Marine Biodiversity

, Volume 41, Issue 1, pp 13–28 | Cite as

The pan-Arctic biodiversity of marine pelagic and sea-ice unicellular eukaryotes: a first-attempt assessment

  • Michel PoulinEmail author
  • Niels Daugbjerg
  • Rolf Gradinger
  • Ludmila Ilyash
  • Tatiana Ratkova
  • Cecilie von Quillfeldt
Arctic Ocean Diversity Synthesis


Arctic marine unicellular eukaryotes are composed of microalgae and non-autotrophic protists. These eukaryotes comprise a well-diversified group of organisms that are either adapted to live in the upper water column of coastal and oceanic regions, here defined as phytoplankton/pelagic communities, or in bottom horizons of sea ice and known as sympagic/sea-ice-associated communities. There are approximately 5,000 recognized legitimate marine phytoplankton species and an unknown number of sympagic eukaryotes. Although pelagic and sea-ice eukaryotes have been described since the exploration phase of the Arctic regions up to the early twentieth century, no synthesis regarding information from all Arctic seas have been undertaken, and no exhaustive current information provides the exact number and composition of species on a pan-Arctic scale. In a first attempt to assess the pan-Arctic diversity of pelagic and sea-ice eukaryotes, a wealth of data from various sources (e.g., scientific publications, unpublished reports, databases) were reviewed, while taxonomic data were confirmed with current nomenclature and classification. We report a total of 2,106 marine single-celled eukaryote taxa with 1,874 phytoplankton and 1,027 sympagic taxa from four grouped pan-Arctic regions, namely Alaska, Canada, Scandinavia including Greenland and the Russian Federation. Both phytoplankton and sympagic taxa were present in four of the six super-groups of eukaryotes described by Adl et al. (J Eukaryot Microbiol 52:399-451, 2005), which are Archaeplastida (chlorophytes and prasinophytes), Chromalveolata (e.g., chrysophytes, cryptophytes, diatoms, dictyochophytes, dinoflagellates and prymnesiophytes), Excavata (euglenids) and Opisthokonta (choanoflagellates). The bulk of this marine biodiversity of Arctic microorganisms consists of large cells (>20 μm) mainly due to examination at low magnification under light microscopy. Future efforts should focus enhancing our knowledge of the biological diversity of small cells (<20 μm), which represent less than 20% of our actual biodiversity assessment of pan-Arctic regions.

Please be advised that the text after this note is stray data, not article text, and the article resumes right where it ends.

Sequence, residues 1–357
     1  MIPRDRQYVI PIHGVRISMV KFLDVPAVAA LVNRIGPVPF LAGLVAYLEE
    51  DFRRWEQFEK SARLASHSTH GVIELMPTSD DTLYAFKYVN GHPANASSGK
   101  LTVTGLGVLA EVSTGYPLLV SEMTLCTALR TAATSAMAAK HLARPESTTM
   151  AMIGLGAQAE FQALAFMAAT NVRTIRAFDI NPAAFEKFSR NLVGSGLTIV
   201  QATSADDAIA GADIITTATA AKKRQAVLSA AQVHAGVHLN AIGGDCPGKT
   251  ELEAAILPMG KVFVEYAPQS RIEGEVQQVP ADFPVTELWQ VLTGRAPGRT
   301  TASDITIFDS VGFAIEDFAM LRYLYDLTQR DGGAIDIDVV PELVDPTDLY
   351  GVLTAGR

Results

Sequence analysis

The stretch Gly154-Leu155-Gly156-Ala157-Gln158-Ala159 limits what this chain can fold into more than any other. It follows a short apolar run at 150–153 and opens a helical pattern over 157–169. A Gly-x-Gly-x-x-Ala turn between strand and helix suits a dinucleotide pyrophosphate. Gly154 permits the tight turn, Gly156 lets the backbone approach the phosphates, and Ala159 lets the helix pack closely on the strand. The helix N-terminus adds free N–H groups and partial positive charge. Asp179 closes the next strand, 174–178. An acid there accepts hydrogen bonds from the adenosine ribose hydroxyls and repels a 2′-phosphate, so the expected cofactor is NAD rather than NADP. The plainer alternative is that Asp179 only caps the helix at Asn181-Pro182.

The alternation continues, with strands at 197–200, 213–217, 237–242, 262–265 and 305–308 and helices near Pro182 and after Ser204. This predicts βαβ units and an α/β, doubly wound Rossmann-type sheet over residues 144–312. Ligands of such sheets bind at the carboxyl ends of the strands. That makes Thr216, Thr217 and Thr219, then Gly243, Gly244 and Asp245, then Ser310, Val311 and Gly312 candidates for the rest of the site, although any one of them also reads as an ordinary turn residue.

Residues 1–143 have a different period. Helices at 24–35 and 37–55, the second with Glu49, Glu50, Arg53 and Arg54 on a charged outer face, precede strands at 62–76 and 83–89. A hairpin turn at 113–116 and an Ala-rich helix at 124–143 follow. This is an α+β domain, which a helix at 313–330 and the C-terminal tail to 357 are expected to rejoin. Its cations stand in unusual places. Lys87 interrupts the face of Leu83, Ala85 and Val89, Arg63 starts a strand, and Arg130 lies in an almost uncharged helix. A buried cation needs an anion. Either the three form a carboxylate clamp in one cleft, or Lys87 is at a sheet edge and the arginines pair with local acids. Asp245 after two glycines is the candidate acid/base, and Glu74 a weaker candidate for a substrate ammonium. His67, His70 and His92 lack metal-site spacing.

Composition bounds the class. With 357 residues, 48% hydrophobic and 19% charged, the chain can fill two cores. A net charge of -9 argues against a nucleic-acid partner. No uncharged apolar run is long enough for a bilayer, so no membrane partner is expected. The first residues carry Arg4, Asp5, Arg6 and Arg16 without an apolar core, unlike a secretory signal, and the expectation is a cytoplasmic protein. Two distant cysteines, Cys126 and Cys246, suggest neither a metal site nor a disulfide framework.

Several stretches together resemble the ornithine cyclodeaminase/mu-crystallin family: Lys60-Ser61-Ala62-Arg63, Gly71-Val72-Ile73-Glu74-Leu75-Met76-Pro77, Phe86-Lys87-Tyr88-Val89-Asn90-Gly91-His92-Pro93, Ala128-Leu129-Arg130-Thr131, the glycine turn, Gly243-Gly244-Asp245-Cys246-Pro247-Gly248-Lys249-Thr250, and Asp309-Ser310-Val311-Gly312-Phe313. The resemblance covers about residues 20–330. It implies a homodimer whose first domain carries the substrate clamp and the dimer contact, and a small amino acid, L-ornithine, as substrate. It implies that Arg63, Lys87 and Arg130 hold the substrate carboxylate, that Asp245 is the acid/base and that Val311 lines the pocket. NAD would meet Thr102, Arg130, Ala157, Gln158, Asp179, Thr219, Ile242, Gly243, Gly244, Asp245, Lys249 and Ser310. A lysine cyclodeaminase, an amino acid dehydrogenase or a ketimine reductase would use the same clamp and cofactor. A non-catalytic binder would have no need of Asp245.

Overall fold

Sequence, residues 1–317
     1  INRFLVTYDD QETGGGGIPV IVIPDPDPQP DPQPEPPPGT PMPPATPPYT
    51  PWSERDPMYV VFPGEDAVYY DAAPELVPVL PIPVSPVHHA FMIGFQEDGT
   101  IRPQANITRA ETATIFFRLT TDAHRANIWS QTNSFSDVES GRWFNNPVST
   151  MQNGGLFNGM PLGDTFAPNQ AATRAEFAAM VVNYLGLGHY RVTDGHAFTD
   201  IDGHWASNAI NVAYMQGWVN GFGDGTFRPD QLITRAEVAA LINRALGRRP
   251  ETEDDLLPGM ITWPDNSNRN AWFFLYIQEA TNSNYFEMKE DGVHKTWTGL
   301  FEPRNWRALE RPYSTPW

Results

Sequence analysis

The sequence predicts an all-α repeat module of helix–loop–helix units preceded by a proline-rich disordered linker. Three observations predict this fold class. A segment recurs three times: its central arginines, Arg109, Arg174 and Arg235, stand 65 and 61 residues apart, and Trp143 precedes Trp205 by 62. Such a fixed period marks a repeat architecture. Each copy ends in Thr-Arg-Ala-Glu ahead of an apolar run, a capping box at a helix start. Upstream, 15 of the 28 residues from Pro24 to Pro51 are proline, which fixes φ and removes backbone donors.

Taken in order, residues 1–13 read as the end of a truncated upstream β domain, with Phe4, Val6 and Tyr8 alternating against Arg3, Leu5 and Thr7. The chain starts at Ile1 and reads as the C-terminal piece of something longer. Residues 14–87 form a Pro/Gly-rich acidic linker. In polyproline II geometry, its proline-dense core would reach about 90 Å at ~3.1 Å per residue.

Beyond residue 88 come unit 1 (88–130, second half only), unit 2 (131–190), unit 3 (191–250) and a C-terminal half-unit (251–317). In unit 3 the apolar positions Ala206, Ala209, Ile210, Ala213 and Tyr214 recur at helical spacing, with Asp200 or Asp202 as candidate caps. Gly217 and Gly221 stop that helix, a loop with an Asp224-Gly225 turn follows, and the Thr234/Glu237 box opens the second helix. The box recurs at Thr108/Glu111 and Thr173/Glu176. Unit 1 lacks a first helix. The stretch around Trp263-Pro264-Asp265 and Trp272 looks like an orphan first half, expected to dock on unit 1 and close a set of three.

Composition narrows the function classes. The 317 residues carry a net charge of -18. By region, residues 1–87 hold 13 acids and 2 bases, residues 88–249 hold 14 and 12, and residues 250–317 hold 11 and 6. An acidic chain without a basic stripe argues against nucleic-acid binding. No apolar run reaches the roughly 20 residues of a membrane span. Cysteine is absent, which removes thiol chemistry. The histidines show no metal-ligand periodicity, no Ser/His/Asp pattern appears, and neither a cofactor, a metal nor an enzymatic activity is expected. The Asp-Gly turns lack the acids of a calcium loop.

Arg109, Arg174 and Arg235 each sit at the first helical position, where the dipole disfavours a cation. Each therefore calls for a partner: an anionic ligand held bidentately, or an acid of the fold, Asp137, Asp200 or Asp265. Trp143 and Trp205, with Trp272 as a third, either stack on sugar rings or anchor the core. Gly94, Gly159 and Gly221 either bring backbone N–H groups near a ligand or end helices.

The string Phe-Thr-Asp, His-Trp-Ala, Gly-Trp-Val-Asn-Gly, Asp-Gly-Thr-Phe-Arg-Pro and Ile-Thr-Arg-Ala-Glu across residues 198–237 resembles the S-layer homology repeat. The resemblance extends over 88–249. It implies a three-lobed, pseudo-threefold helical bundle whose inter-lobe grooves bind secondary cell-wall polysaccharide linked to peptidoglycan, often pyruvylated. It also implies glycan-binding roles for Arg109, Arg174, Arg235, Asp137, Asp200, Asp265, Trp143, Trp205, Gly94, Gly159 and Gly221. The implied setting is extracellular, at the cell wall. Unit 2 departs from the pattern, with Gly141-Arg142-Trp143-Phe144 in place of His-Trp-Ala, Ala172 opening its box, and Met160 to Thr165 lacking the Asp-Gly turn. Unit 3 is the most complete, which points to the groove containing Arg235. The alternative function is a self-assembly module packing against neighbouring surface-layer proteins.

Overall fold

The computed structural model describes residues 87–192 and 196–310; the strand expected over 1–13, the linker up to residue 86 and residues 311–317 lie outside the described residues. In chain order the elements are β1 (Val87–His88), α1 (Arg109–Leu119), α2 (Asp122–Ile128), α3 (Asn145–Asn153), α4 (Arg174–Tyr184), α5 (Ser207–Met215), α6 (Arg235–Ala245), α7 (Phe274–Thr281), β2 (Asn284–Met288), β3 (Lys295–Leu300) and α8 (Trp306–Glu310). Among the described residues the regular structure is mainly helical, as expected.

Arctic Biodiversity Pelagic Sea ice Unicellular eukaryotes 



We acknowledge the Arctic Marine Ecosystem Research Network (ARCTOS) and the Arctic Ocean Diversity Census of Marine Life (ArcOD) who sponsored and facilitated the 4th Arctic Frontiers conference, session III on marine biodiversity, and this special issue, as well as made possible both M.P. and T.R. to attend the conference in Tromsø, Norway. We thank the Canadian Museum of Nature for funding support to M.P. and the Villum Kann Rasmussen and the Carlsberg Foundations for research grants to N.D. The Alaska data compilation was supported through an award from the National Science Foundation (award number 0732767). The work on the sea ice from the White Sea was supported by the Russian Federation of the Basic Research (RFBR) no. 10-05-00063-a. Finally, we thank I.N. Sukhanova and L.S. Zhitina for providing some personal unpublished data. A special thank to M.-H. Hubert at the Canadian Museum of Nature for electronically archiving and managing the various data sets from the four main pan-Arctic countries. Arctic maps originate from UNEP/GRID-Arendal Maps and Graphics Library (2008) available at: (accessed 9 July, 2010).


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Copyright information

© Senckenberg, Gesellschaft für Naturforschung and Springer 2010

Authors and Affiliations

  • Michel Poulin
    • 1
    Email author
  • Niels Daugbjerg
    • 2
  • Rolf Gradinger
    • 3
  • Ludmila Ilyash
    • 4
  • Tatiana Ratkova
    • 5
  • Cecilie von Quillfeldt
    • 6
  1. 1.Research DivisionCanadian Museum of NatureOttawaCanada
  2. 2.Department of BiologyUniversity of CopenhagenCopenhagen KDenmark
  3. 3.School of Fisheries and Ocean SciencesUniversity of Alaska FairbanksFairbanksUSA
  4. 4.Lomonosov Moscow State UniversityMoscowRussian Federation
  5. 5.Russian Academy of Sciences, P.P. Shirshov Institute of Oceanology RASMoscowRussian Federation
  6. 6.Norwegian Polar InstituteLongyearbyenNorway

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